From Bloomberg Businessweek by By Krystof Chamonikolas and Lenka Ponikelska
Martin Burda gave up managing $8.1 billion of securities for something with better returns: dirt. In July he helped start Cesky Fond Pudy, the first investment company focused only on Czech farmland. Agricultural property in the Czech Republic, says Burda, “is among the least expensive in Europe, and it offers a conservative investor something that’s very hard to come by these days: safety and a good yield.”
Land values are rising as a result of the country’s soaring agricultural profits, which contrast with the stagnant Czech stock market and near-zero yields on government bonds. “Profitable farmers mean upward pressure on land prices,” says Burda, who was chief executive officer from 2009 to 2013 of Investicni Spolecnost Ceske Sporitelny, a unit of Erste Group Bank (EBS:AV), Austria’s largest bank.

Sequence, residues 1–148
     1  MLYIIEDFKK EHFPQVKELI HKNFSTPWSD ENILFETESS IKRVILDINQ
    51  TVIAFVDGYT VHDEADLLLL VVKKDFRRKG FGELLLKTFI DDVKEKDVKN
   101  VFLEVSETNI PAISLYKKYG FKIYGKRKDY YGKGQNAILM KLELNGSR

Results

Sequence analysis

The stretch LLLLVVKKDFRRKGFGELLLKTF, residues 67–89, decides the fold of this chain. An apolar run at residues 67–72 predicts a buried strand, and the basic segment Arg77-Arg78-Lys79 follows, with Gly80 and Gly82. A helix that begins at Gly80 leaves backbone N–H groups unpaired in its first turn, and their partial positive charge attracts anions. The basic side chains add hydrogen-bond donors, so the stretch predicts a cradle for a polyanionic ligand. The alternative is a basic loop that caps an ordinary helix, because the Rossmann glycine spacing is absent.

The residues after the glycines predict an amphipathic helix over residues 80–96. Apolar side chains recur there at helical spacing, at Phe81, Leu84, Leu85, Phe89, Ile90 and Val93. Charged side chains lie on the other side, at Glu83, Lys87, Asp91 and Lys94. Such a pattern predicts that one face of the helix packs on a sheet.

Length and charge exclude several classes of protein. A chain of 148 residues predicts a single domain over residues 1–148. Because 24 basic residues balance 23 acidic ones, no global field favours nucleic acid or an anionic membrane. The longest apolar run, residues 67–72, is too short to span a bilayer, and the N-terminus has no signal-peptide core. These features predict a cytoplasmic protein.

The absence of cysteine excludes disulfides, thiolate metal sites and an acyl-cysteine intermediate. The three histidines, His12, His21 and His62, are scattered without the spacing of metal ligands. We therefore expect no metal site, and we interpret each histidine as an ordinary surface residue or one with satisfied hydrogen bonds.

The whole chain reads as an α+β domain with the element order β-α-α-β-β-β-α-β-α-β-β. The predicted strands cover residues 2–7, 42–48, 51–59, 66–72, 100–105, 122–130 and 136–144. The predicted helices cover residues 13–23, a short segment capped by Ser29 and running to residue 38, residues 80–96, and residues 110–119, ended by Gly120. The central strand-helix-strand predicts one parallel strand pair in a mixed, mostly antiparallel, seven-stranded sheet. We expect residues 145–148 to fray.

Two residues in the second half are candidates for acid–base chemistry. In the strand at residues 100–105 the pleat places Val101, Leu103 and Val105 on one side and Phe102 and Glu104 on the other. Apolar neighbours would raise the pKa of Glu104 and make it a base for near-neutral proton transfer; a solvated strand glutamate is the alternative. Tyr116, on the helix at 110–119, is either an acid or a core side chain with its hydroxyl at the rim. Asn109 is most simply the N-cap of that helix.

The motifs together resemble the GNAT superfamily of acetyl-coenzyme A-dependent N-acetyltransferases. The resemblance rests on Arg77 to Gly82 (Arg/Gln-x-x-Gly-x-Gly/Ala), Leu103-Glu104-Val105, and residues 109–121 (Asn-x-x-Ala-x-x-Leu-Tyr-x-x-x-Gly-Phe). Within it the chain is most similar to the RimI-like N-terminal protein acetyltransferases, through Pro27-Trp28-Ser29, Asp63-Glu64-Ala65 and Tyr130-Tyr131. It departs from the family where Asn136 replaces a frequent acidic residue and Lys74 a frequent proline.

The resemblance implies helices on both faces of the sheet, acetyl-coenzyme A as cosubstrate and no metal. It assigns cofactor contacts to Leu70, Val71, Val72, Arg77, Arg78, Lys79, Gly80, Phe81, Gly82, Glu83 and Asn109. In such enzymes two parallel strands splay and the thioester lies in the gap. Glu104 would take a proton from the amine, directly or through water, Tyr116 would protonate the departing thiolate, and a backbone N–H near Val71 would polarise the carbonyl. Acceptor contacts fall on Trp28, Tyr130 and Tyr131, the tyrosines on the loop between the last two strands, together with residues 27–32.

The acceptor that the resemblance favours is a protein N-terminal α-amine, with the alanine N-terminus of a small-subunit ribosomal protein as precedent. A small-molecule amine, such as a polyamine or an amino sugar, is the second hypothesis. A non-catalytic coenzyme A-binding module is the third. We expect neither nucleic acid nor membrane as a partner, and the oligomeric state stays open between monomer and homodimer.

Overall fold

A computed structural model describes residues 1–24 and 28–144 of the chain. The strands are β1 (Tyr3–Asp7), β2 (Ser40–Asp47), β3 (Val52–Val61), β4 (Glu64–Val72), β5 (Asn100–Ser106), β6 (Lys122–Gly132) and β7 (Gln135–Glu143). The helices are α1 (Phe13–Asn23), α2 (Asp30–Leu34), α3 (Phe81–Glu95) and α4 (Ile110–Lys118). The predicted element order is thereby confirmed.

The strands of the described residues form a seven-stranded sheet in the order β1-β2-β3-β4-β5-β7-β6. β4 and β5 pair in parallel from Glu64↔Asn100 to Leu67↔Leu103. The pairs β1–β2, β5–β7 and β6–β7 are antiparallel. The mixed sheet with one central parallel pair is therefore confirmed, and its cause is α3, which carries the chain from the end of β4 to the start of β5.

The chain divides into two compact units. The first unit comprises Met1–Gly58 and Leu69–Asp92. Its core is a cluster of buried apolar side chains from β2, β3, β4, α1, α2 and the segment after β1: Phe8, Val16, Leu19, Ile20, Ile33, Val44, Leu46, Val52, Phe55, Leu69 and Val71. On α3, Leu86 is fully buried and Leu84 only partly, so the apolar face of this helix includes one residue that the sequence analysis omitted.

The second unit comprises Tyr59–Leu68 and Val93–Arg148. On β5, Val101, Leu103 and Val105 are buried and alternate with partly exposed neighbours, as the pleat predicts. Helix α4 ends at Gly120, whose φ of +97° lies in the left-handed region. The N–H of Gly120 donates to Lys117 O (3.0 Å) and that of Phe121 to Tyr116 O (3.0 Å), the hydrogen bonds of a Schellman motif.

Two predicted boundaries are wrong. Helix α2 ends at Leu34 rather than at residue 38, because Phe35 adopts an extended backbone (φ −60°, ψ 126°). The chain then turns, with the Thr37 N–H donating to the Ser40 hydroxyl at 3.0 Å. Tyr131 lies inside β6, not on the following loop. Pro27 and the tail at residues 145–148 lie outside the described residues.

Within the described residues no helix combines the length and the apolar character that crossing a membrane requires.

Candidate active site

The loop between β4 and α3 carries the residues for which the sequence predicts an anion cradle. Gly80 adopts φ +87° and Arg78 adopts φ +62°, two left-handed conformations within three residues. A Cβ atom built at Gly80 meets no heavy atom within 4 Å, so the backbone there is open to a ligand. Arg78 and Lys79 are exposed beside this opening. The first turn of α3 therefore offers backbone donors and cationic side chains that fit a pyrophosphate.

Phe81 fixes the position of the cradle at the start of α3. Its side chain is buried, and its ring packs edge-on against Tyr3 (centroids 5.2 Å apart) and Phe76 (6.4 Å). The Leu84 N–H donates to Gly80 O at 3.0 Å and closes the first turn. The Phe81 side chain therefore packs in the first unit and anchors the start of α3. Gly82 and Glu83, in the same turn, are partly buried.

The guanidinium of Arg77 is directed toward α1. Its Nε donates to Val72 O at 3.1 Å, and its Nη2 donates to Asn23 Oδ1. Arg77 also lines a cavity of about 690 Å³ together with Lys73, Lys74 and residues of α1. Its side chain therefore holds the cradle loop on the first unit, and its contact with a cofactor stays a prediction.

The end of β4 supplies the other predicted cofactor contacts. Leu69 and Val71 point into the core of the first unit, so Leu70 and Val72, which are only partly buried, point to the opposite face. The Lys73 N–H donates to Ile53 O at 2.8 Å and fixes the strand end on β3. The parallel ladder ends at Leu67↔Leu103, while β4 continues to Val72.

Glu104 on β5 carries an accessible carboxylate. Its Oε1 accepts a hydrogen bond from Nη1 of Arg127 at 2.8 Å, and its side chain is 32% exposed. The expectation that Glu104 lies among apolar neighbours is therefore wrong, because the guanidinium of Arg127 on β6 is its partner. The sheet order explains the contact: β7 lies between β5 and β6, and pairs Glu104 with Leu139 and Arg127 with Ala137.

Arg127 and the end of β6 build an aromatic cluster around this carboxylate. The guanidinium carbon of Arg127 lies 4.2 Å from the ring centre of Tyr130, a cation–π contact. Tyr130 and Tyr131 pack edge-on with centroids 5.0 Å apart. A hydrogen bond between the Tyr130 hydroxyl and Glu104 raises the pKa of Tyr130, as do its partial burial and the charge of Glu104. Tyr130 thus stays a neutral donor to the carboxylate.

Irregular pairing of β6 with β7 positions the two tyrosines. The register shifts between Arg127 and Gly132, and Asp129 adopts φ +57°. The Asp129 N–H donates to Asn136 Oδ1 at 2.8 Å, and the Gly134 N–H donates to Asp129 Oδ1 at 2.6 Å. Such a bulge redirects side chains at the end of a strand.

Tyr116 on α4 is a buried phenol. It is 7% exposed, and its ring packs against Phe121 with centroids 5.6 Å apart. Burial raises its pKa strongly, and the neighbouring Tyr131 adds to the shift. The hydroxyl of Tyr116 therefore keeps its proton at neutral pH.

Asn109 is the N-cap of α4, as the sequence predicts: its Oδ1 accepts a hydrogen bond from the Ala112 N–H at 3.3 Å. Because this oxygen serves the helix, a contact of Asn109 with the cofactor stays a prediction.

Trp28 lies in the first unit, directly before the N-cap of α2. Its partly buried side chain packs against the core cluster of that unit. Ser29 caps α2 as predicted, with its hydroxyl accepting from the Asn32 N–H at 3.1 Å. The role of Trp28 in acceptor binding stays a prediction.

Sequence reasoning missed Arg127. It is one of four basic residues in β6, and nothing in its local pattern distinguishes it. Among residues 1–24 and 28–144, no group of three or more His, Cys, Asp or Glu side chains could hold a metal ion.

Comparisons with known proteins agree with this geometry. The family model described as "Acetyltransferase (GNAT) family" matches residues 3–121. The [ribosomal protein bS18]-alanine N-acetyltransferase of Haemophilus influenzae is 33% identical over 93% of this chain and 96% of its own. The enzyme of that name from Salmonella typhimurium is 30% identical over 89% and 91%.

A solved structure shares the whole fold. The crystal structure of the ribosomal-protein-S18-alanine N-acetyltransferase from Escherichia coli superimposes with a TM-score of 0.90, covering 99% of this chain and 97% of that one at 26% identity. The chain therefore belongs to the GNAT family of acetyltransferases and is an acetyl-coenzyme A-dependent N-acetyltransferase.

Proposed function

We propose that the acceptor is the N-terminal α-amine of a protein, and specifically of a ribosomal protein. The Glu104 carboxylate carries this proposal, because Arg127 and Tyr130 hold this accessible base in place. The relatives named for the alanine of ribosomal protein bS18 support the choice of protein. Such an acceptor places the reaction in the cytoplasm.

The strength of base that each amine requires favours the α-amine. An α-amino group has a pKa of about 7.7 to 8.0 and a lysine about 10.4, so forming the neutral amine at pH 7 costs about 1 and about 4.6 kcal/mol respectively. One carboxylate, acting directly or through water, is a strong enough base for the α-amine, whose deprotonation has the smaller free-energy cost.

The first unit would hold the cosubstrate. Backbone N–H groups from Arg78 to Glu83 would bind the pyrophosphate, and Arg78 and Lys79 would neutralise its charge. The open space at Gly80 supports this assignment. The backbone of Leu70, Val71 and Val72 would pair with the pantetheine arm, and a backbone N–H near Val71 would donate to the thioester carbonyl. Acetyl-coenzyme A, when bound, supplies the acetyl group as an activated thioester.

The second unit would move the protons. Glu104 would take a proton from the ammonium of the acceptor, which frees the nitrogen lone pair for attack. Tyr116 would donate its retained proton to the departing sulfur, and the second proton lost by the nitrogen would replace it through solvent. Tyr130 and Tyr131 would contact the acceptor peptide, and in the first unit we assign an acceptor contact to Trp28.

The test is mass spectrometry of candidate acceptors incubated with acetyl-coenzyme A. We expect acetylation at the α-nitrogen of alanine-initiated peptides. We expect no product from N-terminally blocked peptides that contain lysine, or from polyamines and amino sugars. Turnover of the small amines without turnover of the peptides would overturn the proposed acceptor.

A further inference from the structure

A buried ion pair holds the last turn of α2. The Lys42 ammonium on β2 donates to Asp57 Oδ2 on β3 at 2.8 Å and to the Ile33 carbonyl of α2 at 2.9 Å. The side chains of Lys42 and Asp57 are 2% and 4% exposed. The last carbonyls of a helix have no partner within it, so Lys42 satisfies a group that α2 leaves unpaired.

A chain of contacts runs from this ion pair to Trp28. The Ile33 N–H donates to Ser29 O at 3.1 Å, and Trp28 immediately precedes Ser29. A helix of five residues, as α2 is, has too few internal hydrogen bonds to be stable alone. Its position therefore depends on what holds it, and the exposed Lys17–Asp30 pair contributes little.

He expects his fund to attract more than 200 million koruna ($9.6 million) in investments by October, up from 140 million koruna now. Avant Investicni Spolecnost, an investment management company that oversees more than 10 billion koruna of assets, is setting up another farmland fund. Ondrej Pieran, a money manager at the Prague-based company, predicts an annual return of about 8 percent.